[Count] Redmond O’Hanlon (?-1681)


Life
b. Poyntzpass; operated successfully as a highwayman who for 10 years in Armagh, Down and Tyrone; orig. a footboy to Sir George Acheson, Markethill, he joined kinsman Loughlin O’Hanlon, an Irish tory; imprisoned for stealing horses; bribed his way out of Armagh jail; attempted betrayal by Franciscan Edmund Murphy, using Cormack Raver O’Murphy; kills Henry St John, grandson of former lord deputy; proclaimed himself ‘Chief Ranger of the Mountains, Surveyor-General of the High Roads, Lord Examiner of all Travellers, and High Protector of his Benefactors and Contributors’; William Lucas authorised to hunt him outside the law;
 
O’Hanlon shot dead by Art O’Hanlon, his foster brother, at Eight Mile Bridge, nr. Hilltown; popular biog. of 1681. lost estates in the Cromwellian settlement; became leader of tories in Ulster, c.1670; levied contributions under arms in counties Armagh, Tyrone and Down; a reward of £200 was posted after many fruitless attempts at capture; held out near Eight-Mile-Bridge, Co Down, till treacherously shot to death with a blunderbss while sleeping by his foster-brother Arthur O’Hanlon, under Ormonde’s commission, April 1681;
 
his spiked head was shown over Downpatrick Jail; bur. nr. Tanderagee, Co. Armagh; left many traditions in Slieve Gullion; object of Count O’Hanlon, The Irish Rapparee, (1862), a novel by William Carleton loosely based on his career, and a celebrated poem by Francis Carlin (“The Ballad of Douglas Bridge”). ODNB DIB

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Criticism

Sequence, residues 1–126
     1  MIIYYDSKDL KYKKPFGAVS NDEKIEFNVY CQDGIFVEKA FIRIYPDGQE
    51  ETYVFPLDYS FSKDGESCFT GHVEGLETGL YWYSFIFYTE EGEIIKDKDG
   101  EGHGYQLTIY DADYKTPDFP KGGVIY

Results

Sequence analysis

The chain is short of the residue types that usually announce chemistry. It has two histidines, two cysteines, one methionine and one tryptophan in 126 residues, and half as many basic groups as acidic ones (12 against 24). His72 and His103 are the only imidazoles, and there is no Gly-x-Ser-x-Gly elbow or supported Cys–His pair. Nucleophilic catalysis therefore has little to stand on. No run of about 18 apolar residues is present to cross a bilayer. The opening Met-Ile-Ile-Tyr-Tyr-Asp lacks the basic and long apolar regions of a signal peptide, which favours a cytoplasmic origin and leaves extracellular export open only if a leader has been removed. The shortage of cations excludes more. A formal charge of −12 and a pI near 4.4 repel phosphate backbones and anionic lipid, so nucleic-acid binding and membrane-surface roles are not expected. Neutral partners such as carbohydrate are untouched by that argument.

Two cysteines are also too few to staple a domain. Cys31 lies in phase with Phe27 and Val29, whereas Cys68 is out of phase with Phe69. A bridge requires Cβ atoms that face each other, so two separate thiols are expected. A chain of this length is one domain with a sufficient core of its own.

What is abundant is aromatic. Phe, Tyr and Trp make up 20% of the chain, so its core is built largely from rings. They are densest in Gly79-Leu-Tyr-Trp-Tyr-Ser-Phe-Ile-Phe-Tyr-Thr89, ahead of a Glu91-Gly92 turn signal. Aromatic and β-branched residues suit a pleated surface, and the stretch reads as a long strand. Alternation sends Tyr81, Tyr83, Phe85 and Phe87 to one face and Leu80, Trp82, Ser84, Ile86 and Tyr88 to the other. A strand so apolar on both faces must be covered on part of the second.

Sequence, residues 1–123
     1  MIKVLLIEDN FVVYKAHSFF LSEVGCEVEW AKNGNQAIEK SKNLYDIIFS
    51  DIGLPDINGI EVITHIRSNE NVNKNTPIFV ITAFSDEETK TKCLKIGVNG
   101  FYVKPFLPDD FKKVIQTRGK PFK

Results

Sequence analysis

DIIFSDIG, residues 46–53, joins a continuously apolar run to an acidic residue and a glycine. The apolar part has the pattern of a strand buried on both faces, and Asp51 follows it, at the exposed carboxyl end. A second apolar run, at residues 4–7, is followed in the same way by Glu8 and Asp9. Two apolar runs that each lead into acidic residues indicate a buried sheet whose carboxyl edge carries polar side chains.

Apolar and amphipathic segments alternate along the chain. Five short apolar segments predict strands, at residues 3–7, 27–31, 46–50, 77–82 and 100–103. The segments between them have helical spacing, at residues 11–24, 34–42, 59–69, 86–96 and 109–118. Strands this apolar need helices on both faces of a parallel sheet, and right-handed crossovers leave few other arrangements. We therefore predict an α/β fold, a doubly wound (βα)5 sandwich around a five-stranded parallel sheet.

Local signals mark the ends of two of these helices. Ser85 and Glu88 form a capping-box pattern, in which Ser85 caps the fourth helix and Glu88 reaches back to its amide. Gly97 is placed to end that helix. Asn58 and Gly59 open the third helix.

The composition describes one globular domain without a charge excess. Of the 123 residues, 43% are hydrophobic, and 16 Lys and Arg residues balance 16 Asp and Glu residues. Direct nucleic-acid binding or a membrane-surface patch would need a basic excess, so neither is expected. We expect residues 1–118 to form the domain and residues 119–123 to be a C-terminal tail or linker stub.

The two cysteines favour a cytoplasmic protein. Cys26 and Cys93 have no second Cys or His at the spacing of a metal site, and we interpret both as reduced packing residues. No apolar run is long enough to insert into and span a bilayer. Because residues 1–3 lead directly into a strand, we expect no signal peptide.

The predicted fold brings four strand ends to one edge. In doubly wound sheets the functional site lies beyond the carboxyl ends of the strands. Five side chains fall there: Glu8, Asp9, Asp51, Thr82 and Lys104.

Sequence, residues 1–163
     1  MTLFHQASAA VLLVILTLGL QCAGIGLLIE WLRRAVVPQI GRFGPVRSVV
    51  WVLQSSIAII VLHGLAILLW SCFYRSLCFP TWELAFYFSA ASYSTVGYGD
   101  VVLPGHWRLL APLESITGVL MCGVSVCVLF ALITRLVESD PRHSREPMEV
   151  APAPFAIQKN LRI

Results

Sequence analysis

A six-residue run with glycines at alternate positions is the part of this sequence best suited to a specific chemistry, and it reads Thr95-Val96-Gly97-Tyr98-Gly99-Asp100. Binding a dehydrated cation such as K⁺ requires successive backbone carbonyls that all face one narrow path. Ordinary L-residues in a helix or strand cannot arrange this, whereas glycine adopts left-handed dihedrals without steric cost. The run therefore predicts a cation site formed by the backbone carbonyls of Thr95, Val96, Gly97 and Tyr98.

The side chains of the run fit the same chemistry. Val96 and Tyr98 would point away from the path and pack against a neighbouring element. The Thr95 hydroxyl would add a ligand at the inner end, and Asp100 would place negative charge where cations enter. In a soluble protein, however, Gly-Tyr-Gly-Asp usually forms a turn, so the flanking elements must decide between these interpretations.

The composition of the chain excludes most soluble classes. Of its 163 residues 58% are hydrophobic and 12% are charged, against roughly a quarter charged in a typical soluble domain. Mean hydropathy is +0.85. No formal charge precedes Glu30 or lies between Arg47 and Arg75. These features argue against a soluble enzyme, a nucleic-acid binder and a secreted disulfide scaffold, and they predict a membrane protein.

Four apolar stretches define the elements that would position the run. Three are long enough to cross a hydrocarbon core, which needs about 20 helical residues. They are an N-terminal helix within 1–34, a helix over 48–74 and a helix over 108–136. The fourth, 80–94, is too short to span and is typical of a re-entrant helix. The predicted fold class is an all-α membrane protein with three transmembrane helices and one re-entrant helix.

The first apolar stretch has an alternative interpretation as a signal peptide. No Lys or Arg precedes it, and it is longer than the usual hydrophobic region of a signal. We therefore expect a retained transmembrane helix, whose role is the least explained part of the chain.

• Count O’Hanlan’s Downfall, a true account of the killing of that arch traytor and Tory Redmond o Hanlan, by Art o Hanlan [... &c]. (Dublin: W. Winter Dublin 1681), 4o.;
  • The Life and Death of the ... Tory Redmond o Hanlon commonly called Count O’Hanlyn in a letter to Mr Robert A in Dublin ([Dublin] 1682), 23pp., 4o;
  • The Surprising Life and Adventures of the Gentleman robber Redmond O’Hanlon &c (Glasgow [1840]), 24pp.;
  • William Carleton, Redmond Count O’Hanlon: The Irish Rapparee [1860] (Dublin: James Duffy 1862; rep. Duffy 1886);
  • J. Cosgrave, Lives and Actions of the Most Notorious Irish Highwaymen, Tories and Rapparees; from Redmond O’Hanlon to Cahier Na Gappul, to which is added The Goldfinger, or the History of Manus Maconiel (Dublin: for the Booksellers [n.d.]; 9th edn. Belfast 1777).
 
See also:
  • Terence O’Hanlon, The Highwayman in Irish History (Dublin: M. H. Gill 1932), viii+185pp.;
  • Dáithí Ó hÓgain, The Hero in Irish Folk History (Dublin: Gill & Macmillan 1985), p.181-85 [extract]
 
Note that a tale of Redmond O’Hanlon is told in Sean O’Sullivan, Legends of Ireland (London: Batsford 1977), [No.79] narrating the capture of O’Hanlon by a clever little boy to the enrichment of his farmer-family (pp.136-38). O’Sullivan cites Terence O’Hanlon, op. cit., and J.R.S.A.I, IV (1867), pp.57-68.

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Commentary
Patrick Kennedy, Modern Irish Anecdotes (n.d.), gives an account of O’Hanlon under the chapter headings ‘Redmond O’Hanlon and the Pedlar’, ‘How Redmond Despoiled the Soldiers’, and ‘Redmond Meets His Match’ (pp.21-25).